The Federal government has finally begun the construction of a new bridge in Ikom Local Government Area of Cross River State after many decades of foot-dragging since the collapse of colonialism in Nigeria. The move is aimed at preventing a possible collapse of the current one.
The Controller in the Federal Ministry of Power, Works and Housing in the state, Bassey Nsentip, an engineer, made this known during an inspection tour of the section two of the Calabar – Ikom – Katsina-Ala highway which is currently under rehabilitation.
According to Nsentip, a large chunk of the almost 330 kilometers of road is currently being rehabilitated, adding, ‘’the existing bridge was built in the colonial time. We have had some issues with the bridge and it is obsolete now because the headroom does not allow articulated vehicles with high payload to pass because of that thrust system.’’
Continuing, he said accidents have been recorded due to the fact that many drivers do not know that the headroom is low added that: ‘’The piles have started showing signs of failure and that is why the federal government decided to build a new bridge to prevent possible catastrophe in the future.
‘’Where we are now is the second section from Ogoja where we have Abuochiche to Mbok junction and there is a contractor working there right now. From Mbok junction to Ikom four corners is in good service condition.
‘’From Ikom to Iyamoyong is the stretch handled by this contractor, the CCECC. It is about 50 kilometers. The contractor has been working and has covered about 71 percent of the road. They just scarified this stretch which will be followed up with earth works and pavement works.’’
Though work is being put on hold till after the Presidential and National Assembly elections slated for February 23, 2019 due to the policy directive handed over to the contractor by Abuja, the top ministry official however, lamented the improper usage as well as sabotage of road infrastructure by residents and called on Nigerians to desist from such acts.
He said, ‘’we will like to advise the public to make good use of these facilities. When government builds roads, it helps develop our economy and improve our social lives. For example, between Iyamoyong and Ugep that we have finished, people are driving at max speed and we hear cases of accidents, so we advise that people should be conscious of the road signs and markings that we put there that will guide them on how to drive on federal highways.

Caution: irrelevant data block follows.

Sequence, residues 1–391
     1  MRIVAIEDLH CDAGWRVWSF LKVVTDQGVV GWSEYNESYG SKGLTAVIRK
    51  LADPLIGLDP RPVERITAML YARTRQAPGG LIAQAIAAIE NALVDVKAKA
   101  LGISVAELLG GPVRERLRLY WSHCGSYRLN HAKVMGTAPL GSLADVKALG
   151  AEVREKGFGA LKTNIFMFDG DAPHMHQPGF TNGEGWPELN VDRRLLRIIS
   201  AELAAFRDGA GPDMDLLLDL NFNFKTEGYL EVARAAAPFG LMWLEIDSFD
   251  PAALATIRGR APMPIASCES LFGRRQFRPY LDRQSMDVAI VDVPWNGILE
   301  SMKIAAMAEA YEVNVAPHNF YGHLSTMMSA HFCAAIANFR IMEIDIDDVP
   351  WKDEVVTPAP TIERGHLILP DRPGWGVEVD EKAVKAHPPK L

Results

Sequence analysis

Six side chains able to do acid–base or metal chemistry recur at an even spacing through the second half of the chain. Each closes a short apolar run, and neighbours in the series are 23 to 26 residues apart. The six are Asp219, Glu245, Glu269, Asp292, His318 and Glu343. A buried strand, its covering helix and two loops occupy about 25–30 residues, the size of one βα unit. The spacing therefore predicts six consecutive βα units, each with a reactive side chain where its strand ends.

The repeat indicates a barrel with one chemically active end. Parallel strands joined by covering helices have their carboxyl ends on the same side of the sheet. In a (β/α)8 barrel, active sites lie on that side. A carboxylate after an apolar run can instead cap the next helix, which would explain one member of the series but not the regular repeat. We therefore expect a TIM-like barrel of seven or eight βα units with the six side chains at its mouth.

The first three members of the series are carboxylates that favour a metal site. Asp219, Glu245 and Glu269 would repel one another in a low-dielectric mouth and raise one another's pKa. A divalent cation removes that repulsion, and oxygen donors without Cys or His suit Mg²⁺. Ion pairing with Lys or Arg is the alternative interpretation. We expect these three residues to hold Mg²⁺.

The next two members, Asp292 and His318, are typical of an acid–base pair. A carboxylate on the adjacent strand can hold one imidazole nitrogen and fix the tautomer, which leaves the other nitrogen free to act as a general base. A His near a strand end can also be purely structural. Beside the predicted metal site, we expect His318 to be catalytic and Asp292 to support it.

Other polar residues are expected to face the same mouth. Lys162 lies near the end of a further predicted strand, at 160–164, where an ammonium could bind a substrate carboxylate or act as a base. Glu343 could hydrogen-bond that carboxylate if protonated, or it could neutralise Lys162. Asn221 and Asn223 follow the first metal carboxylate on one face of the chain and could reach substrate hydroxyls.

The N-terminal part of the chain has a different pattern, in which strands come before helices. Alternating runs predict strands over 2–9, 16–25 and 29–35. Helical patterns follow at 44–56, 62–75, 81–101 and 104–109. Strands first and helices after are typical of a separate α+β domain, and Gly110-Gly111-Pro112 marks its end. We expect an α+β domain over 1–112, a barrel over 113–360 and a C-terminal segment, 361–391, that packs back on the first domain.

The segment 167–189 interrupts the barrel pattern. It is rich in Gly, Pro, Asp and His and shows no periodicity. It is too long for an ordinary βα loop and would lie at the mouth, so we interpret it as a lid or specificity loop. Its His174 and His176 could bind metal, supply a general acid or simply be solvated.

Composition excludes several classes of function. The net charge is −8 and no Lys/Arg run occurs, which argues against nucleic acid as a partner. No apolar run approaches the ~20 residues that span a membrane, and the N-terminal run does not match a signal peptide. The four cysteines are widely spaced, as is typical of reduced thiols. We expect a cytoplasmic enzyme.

‘’Another thing is the issue of abuse of federal highways. People just go and begin to cut across the road without taking permission. Maybe, they are building houses and they want to cross their water service pipes across the road or cables or whatever, they just go and begin to cut the road without taking permission. And when you do that, it (the road) is not properly protected. When the rains come, water will get in there and it will begin to spoil again.’’
Those who know better say this project was awarded in 2009 and scheduled to be completed within 24 months.
Director of Federal Highways in charge of the South-South zone in the ministry, Godwin Eke, an engineer, explained that the delay in the kick off of the project was due to bureaucratic processes among others.
‘’One, we have the issue of funding. Number two, we have the issue of the contractor accessing the place; what we call taking position in the right of way. In some areas you see these electric poles, they need to be relocated. The contractor cannot come and start working, you need to give him access to work and these things take time. You see buildings on the road, you have to demolish them and you have to compensate the owners, these things take time to package and pay.
‘’These are the issues and then you have the problem of inclement weather, you know last year we had very very bad weather. So, when you package all these things together, they are some of the causes of delay in contracts. You also have the issue of procurement. You don’t just go and award a contract without procuring it, you must follow the laws ok procurement’’, Eke said.
He has expressed satisfaction with the quality of job done, adding that the roads which are expected to last for more than fifteen years often suffer due to wrong usage, a situation he said the ministry plans to tackle.
According to Eke, ‘’we have specifications and what we call the legal axle load. But, most of these vehicles, a lot of them are overloaded and we are trying to enforce the legal axle load now. We also have what we call the ECOWAS protocol because we are in ECOWAS, we cannot be doing a different thing different from the ECOWAS.
‘’So if we enforce the axle load, these roads will last longer. But you know our people, enforcement is a problem, we only have to appeal to them. In the civilised world you don’t even have to appeal to anybody, they follow the rules and regulations. The question of axle load in the lifespan of a road is very important.’’